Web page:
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MUSAM-LAB is an experimental laboratory directed by Prof. Dr. Ing. Marco Paggi and complementing the modelling and computational facilities of the research unit  MUSAM - Multi-scale Analysis of Materials.

The laboratory located in the ex-Officina Aromataria of the Convento San Francesco (XIII Century) is supported by the  Starting Grant IDEAS CA2PVM from the European Research Council.

Experimental research is devoted to thermo-mechanical testing of heterogeneous materials and surfaces by investigating the complex mechanisms taking place at different scales of observation. A list of experimental failities and some illustrative applications are provided below.


  • 3D confocal-interferometric profilometer (LEICA, DCM 3D)
    Non-contact optical profilometer based on confocal and interferometric methods with vertical resolution ranging from few nanometers up to several millimiters. It is able to deal with very rough but also super-smooth surfaces. Applications regard morphological characterization of surfaces and interfaces at multiple scales, analysis of coatings, wettability. Measured surface data can be treated by a research software developed in house for the statistical and fractal analysis of roughness and for the simulation of the contact response of rough surfaces (prediction of the real contact area vs. load, contact stiffness and thermal contact conductance, frictional response).
  • Scanning Electron Microscope (ZEISS, EVO MA15)
    SEM with dectectors for secondary and back-scattered electrons allowing a maximum resolution of 3 nm and automated pressure regulation from 10 to 400 Pa to work with metallic and also non-metallic samples without the need of metallization. The microscope can be used to visualize microstructures, defects and cracks for any kind of material (metals, ceramics, paper, polymers, etc.) at different resolutions.
  • Micromechanical testing stage (DEBEN, 5000S)
    Tensile/compression stage for forces up to 5 kN specifically designed to perform mechanical tests within the SEM chamber to allow real time observation of the microstructure evolution of materials. It is also possible to test dog-bone specimens with holes or without holes, as well as compact test specimens. SEM images acquired during in-situ experimental tests can be processed according to the digital image correlation technique and compared with numerical simulations, see below.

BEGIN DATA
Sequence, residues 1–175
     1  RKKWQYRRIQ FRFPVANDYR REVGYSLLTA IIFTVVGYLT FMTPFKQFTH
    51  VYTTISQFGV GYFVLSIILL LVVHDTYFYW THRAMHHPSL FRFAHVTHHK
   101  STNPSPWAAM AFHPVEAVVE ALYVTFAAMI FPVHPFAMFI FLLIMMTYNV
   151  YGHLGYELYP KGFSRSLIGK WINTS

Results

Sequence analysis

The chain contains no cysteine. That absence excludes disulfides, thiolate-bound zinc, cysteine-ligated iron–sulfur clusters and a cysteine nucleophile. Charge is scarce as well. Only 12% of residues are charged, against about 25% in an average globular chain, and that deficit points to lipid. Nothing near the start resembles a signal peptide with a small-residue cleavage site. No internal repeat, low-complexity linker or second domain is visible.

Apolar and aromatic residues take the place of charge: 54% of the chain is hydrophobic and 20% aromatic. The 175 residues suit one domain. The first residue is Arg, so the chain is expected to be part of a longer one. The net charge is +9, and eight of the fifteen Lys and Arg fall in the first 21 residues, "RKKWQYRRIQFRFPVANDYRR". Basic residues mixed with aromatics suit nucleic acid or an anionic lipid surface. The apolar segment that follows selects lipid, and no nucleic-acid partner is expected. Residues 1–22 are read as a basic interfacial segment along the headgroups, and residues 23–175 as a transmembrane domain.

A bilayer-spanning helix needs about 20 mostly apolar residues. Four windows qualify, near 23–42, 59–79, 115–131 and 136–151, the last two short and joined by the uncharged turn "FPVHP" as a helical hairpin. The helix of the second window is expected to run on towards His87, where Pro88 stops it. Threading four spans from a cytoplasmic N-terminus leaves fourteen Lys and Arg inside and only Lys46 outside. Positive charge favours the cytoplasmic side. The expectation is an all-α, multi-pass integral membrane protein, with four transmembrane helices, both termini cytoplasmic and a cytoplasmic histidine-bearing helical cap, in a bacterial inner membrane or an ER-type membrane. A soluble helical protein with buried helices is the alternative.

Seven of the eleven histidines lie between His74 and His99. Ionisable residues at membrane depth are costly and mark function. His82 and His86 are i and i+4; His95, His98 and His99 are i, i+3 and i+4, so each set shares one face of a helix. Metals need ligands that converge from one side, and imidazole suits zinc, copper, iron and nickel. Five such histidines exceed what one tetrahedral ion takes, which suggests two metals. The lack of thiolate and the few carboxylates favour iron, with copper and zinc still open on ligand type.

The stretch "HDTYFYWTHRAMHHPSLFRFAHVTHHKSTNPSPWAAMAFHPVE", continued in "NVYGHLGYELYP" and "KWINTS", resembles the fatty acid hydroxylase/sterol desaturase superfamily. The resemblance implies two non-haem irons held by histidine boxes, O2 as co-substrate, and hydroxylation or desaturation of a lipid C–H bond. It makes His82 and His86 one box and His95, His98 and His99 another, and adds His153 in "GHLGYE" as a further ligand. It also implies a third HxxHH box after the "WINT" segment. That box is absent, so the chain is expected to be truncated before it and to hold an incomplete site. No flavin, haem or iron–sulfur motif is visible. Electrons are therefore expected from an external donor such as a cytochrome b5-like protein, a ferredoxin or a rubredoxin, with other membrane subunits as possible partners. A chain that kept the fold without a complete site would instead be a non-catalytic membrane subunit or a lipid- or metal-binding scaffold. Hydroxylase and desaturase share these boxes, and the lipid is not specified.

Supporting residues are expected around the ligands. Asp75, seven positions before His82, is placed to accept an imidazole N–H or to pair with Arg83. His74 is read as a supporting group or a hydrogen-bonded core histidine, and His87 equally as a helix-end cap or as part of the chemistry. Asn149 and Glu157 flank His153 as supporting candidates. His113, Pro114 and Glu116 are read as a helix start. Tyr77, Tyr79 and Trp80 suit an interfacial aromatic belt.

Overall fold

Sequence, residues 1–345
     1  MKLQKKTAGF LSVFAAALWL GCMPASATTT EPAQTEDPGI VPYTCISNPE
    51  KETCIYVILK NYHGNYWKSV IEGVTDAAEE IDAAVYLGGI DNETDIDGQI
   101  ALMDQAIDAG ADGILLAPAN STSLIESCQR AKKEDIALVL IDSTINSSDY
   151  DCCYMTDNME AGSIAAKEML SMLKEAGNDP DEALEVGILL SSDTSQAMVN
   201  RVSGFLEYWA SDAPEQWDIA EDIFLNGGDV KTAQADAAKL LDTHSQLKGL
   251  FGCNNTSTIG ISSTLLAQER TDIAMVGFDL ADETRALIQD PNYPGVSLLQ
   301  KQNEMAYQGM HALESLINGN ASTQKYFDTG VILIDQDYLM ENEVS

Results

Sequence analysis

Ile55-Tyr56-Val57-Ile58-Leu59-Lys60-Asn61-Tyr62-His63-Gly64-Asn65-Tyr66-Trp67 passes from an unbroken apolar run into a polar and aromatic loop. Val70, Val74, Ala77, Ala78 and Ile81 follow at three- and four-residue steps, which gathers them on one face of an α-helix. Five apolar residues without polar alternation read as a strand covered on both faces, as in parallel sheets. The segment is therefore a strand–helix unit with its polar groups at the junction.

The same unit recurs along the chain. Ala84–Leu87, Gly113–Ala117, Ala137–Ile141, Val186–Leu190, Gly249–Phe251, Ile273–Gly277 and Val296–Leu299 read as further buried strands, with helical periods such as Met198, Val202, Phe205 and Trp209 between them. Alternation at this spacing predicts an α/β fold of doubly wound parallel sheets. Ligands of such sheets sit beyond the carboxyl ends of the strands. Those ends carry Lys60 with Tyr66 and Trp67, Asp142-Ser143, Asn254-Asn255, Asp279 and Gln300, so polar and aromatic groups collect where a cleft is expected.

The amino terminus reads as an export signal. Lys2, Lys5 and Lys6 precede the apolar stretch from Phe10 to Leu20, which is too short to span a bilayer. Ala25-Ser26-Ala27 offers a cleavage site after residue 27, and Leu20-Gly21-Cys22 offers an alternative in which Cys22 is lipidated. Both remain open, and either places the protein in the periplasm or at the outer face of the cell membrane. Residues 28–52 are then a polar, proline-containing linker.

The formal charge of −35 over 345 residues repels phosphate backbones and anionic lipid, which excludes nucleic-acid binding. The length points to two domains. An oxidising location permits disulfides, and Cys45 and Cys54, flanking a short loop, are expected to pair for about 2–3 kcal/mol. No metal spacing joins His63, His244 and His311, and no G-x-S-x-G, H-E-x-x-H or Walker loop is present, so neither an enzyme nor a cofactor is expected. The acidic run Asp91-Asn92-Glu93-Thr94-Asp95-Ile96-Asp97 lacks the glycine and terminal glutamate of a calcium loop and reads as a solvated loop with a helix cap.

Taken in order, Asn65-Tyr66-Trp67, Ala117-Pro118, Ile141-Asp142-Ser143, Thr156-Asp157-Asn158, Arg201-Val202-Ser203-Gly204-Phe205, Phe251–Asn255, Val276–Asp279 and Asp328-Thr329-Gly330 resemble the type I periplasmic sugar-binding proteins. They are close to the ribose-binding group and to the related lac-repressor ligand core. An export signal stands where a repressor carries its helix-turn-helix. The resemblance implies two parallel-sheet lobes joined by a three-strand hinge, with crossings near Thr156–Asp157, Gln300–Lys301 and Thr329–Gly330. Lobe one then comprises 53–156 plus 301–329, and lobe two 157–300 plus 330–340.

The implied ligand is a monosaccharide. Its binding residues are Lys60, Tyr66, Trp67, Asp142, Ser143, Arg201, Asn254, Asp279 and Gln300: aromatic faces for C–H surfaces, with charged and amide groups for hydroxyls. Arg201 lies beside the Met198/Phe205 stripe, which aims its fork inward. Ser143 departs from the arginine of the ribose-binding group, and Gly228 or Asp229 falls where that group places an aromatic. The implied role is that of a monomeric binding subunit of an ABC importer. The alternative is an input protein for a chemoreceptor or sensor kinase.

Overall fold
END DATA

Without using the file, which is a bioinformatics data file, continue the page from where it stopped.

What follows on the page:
The stage for micromechanical testing and an image of the bridging mechanism of cellulose fibers in paper tissue.
  • Universal testing machine with a thermostatic chamber (Zwick/Roell, Z010TH)
    Universal testing machine for tensile tests, compression tests and three-point bending tests on notched beams for fracture mechanics characterization. Two load cells of 1 kN and 10 kN are available. Testing can be made inside a thermostatic chamber in the temperature range from -30°C up to 250°C.
  • System for 3D displacement correlation technique (Correlated Solutions, VIC3D)
    System for displacement and strain measurement using the displacement correlation technique in 3D. It can be used together with the universal testing machine as a virtual strain gauge and for 3D or 2D digital image correlation at 30 Hz. The software can also be used to process images acquired during mechanical tests inside the SEM.
  • Thermocamera (FLIR, T640bx)
    IR thermocamera with 640x480 pixel of resolution for thermoelastic tests in the laboratory and for in-situ inspection of hot spots in photovoltaic modules and electric circuits.
  • Photocamera for electroluminesce tests (PCO, 1300 Solar)
    IR photocamera specific for carrying out electroluminescence tests in the laboratory. This type of IR camera is able to detect microcracks in photovoltaic modules.

Composed of engineers, physicists and mathematicians, the unit aims at studying the deformation, fracture, fatigue, contact and the structural integrity of heterogeneous materials and structures with multi-scale and multi-physics computational and experimental methods.